Lower-rated euro zone bonds suffer as cracks widen between Europe and U.S.
Lower-rated southern European government bond prices fell on Monday after German Chancellor Angela Merkel warned of worsening relations between Europe and some of its allies, in particular the United States and Britain. Merkel said on Sunday that Europe could no longer completely rely on some nations, pointing to bruising meetings of the G7 wealthy nations and NATO last week. Concerns over trade among developed markets have increased over the past year after the UK voted to leave the European Union last June and Republican Donald Trump became U.S. President in November, partly on a protectionist agenda. These issues resurfaced at a two-day summit of the G7 group of some of the world’s largest economies. “Merkel’s comments point to political woes. It is something which investors have to digest,” said DZ Bank strategist Daniel Lenz. “It is a slightly risk-off mode this morning but again it is thin trading today so you could see this change very quickly,” he said, referring to the fact that U.S. and British investors are on holiday. Italian, Spanish and Portuguese government bond yields rose 3-5 basis points on Monday morning, underperforming other countries in the bloc.
China April industrial profits up 14 percent but slowing pace stokes economy worries
Profits earned by Chinese industrial firms rose 14.0 percent in April from a year earlier, official data showed on Saturday, slowing from March’s pace and adding to concerns that the world’s second-largest economy may be losing steam. Profits in April rose to 572.78 billion yuan ($83.59 billion), the National Bureau of Statistics (NBS) said on its website. Profits had surged 23.8 percent in March over the same month of last year. For the first fourth months of the year, profits reached 2.28 trillion yuan, up 24.4 percent from the same period last year and compared with a growth of 28.3 percent in the first quarter. After a roaring start to the year, industrial earnings had been expected to soften in April as prices of iron ore, steel and other commodities fell sharply, and as growth in factory output, investment and retail sales tapered off. A building boom, fuelled by a government infrastructure spree and a heated housing market, has boosted demand and prices for materials from steel to cement, giving China’s long ailing “smokestack” industries more cash flow to chip away at a mountain of debt.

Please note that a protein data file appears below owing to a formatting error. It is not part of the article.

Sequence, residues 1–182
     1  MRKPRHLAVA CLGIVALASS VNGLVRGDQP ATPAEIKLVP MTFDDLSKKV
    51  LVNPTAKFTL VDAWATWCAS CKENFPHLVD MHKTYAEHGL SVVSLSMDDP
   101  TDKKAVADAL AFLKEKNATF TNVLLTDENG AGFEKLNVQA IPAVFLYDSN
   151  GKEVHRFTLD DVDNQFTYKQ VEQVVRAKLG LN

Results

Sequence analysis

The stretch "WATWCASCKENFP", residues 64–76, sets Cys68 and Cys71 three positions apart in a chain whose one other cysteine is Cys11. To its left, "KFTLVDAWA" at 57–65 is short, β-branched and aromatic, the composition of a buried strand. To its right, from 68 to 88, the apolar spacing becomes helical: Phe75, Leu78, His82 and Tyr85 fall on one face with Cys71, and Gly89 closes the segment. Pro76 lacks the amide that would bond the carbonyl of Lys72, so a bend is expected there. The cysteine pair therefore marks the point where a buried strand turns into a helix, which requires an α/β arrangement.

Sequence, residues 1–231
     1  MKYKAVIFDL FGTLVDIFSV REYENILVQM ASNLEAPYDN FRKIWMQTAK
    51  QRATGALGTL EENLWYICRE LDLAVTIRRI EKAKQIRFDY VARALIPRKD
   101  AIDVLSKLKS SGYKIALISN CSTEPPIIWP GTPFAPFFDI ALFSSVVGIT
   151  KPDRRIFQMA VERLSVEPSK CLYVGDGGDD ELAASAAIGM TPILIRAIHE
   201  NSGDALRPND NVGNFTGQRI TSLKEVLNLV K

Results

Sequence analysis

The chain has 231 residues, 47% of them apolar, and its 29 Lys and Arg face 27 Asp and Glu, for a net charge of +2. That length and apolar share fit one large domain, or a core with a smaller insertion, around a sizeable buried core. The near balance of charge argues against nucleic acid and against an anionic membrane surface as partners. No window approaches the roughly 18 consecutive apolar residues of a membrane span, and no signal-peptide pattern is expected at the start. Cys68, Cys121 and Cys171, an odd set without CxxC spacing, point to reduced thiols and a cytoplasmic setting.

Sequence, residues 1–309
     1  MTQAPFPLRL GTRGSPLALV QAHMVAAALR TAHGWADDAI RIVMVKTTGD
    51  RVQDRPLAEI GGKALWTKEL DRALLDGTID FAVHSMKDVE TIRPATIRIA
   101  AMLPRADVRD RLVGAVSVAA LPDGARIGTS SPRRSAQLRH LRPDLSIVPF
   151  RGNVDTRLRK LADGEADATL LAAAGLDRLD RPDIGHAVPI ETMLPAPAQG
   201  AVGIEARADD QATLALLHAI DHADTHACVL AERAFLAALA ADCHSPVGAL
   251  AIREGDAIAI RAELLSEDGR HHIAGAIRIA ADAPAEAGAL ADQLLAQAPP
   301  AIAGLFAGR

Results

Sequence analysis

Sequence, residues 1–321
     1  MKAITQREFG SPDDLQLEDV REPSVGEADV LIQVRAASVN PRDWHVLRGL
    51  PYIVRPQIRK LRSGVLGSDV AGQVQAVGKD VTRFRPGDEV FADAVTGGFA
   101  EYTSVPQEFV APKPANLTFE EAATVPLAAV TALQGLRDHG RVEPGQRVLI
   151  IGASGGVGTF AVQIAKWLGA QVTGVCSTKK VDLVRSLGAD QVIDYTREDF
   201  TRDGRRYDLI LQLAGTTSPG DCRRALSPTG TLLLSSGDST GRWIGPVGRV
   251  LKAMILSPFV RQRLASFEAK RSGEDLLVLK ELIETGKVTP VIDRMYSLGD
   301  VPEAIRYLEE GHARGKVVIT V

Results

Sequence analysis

As Fed raises rates, aim is not to roil markets, Williams says
The U.S. economy is at or near the Federal Reserve’s goals of full employment and stable prices, San Francisco Fed President John Williams said, adding that the U.S. central bank wants to make sure markets stay calm as it slowly returns interest-rate policy to normal. “If you remember nothing else I’ve shared with you today, I hope you’ll remember this: The last thing we want to do is to fuel unnecessary or avoidable volatility or disruption – whether we’re talking about domestic markets or international markets,” Williams said in remarks prepared for delivery Monday to the Symposium on Asian Banking and Finance, co-hosted with the Monetary Authority of Singapore. With the economy at full employment and inflation expected to reach the Fed’s 2-percent goal by next year, the Fed needs to keep raising U.S. interest rates gradually or risk overheating the economy, Williams said. The Fed raised rates in March, and at the time telegraphed a plan to lift them two more times this year, a pace that Williams last week told Reuters he thinks makes sense.